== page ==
It was recognized in 1846 that the pathogen of pityriasis versicolor (PV) was a fungus , but it was first named as the genus Malassezia by Baillon until 1889. By 2011, 14 different Malassezia spp. had been differentiated by morphology, biochemistry, rDNA sequencing, restriction fragment length polymorphism (RFLP), and other methods. These species include M. furfur, M. sympodialis, M. obtusa, M. globosa, M. restricta, M. slooffiae, M. pachydermatis, M. dermatis , M. japonica , M. yamatoensis , M. nana , M. caprae, M. equina , and M. cuniculi . There have been reports of M. pachydermatis in humans [4, 14], whereas M. nana, M. caprae, M. equina, and M. cuniculi are pro-animal species that have never been detected in humans. The other species exist in human skin with varying distributions across species depending on the location and the local microenvironmental variation.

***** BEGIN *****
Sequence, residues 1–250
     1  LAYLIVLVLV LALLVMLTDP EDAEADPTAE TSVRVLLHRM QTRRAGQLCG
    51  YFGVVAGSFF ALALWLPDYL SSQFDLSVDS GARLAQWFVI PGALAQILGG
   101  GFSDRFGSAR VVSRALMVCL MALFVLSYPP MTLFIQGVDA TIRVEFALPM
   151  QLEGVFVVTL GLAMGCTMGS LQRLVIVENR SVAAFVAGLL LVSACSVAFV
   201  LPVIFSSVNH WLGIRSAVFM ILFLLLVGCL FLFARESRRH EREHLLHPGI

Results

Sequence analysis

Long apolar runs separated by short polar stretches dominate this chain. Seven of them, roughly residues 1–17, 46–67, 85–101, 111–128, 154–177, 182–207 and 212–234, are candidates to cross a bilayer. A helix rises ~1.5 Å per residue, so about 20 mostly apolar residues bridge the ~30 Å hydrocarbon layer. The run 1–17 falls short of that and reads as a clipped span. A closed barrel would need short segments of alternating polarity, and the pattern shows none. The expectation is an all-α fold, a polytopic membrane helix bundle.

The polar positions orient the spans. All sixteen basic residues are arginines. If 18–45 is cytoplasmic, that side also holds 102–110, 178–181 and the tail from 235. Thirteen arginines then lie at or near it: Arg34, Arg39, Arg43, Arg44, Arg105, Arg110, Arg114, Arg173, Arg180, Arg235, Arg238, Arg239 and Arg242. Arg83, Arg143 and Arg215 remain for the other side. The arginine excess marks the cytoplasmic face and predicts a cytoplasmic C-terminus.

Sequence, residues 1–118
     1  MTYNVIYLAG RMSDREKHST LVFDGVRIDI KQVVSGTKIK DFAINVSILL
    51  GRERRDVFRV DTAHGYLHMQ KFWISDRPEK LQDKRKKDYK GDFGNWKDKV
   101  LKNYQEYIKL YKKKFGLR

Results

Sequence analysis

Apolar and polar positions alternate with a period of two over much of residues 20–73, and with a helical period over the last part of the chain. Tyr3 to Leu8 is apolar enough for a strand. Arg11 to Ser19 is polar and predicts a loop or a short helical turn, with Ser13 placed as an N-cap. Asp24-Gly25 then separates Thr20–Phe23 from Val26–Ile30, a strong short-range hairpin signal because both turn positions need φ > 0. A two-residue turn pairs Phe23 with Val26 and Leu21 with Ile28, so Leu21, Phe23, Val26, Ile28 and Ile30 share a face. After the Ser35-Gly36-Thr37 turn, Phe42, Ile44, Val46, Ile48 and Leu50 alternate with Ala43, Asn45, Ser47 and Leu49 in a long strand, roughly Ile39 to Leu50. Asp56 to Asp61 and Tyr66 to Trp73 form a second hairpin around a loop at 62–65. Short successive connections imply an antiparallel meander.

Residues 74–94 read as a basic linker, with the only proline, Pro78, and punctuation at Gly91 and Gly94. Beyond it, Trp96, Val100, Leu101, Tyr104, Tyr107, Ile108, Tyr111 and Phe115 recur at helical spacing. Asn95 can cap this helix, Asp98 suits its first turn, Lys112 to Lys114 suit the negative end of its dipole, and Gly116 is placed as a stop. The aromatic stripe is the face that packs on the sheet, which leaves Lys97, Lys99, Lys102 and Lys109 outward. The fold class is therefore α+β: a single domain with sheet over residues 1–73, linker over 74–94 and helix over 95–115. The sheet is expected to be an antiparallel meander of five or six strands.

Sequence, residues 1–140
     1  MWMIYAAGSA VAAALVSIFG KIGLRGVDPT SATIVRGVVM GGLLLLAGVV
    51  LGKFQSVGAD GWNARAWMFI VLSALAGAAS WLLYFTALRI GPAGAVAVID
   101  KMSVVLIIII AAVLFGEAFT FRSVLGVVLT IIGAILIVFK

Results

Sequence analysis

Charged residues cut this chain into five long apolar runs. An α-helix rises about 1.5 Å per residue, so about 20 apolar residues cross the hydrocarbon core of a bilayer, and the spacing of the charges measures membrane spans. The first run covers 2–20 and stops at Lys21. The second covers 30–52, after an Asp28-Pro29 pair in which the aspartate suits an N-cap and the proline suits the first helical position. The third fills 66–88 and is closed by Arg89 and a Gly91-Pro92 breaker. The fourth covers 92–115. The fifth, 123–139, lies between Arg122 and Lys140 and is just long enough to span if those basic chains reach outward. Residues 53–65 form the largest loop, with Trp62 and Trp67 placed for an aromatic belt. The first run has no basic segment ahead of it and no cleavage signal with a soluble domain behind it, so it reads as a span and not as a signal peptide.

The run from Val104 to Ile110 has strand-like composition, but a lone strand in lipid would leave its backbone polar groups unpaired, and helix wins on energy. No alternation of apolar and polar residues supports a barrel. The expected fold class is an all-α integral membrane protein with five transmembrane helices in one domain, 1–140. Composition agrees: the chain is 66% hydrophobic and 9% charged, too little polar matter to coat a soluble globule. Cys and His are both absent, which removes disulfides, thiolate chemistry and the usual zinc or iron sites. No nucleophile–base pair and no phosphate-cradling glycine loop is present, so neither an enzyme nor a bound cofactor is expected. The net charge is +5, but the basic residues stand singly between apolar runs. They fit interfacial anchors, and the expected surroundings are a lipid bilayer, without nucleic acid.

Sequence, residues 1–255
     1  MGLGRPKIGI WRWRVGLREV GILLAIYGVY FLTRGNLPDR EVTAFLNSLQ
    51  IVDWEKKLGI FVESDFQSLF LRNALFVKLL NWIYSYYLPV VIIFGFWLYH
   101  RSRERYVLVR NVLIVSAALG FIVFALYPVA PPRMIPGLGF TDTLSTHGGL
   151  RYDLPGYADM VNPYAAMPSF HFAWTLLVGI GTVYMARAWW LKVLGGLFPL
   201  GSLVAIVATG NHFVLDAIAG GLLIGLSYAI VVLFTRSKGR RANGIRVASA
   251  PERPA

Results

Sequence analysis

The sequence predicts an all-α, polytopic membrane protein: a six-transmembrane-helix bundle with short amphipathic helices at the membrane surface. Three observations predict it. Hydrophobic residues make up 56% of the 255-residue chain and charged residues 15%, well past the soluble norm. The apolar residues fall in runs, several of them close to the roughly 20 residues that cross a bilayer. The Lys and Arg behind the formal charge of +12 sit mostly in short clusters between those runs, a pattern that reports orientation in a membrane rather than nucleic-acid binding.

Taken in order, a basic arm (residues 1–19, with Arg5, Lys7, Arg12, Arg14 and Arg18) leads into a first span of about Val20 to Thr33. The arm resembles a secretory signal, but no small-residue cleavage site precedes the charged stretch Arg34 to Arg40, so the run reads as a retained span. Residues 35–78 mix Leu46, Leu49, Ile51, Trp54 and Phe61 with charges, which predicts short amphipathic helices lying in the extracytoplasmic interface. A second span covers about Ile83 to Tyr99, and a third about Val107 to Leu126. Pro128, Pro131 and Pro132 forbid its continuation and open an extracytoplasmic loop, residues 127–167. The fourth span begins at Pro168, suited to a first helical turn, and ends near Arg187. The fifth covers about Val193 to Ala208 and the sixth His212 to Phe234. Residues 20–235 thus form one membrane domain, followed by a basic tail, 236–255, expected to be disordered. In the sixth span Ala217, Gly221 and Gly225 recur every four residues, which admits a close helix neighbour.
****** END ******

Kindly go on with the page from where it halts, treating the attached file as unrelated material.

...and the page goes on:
To date, controversies remain over the specific species involved in the development of PV, and the results from different countries are not consistent. In general, it is believed that M. globosa is the main species correlating with PV development, and this idea is mainly based on the analyses of the predominant species of lesional skin in the Japanese population [15, 16]. In other districts and regions, such as Greece and Spain, similar reports have also been found [17, 18]. In some studies that analyzed species differences between lesional and nonlesional skin, the detection rate of M. globosa in lesional skin was higher compared with nonlesional skin [17, 19]. However, there was also Malassezia spp. distribution in nonlesional skin of healthy individuals and PV patients, with extremely high detection rates in some studies; for example, the detection rate of Malassezia in healthy Japanese individuals was as high as 86.7% . Moreover, Miranda et al. showed that M. furfur was the predominant species in the lesional skin of PV patients in Brazil , whereas Gupta et al. showed in a Canadian population and Ramadán et al. showed in Argentineans that M. sympodialis was more common in PV patients [22, 23]. In Gupta’s study, the detection rate of M. globosa in lesional skin was only 6.3% . The differences in these studies might be related to the regional differences of Malassezia distribution [24–26]. Although PV is common in China , there have not been reports on Malassezia spp. distribution in the Chinese PV population to date.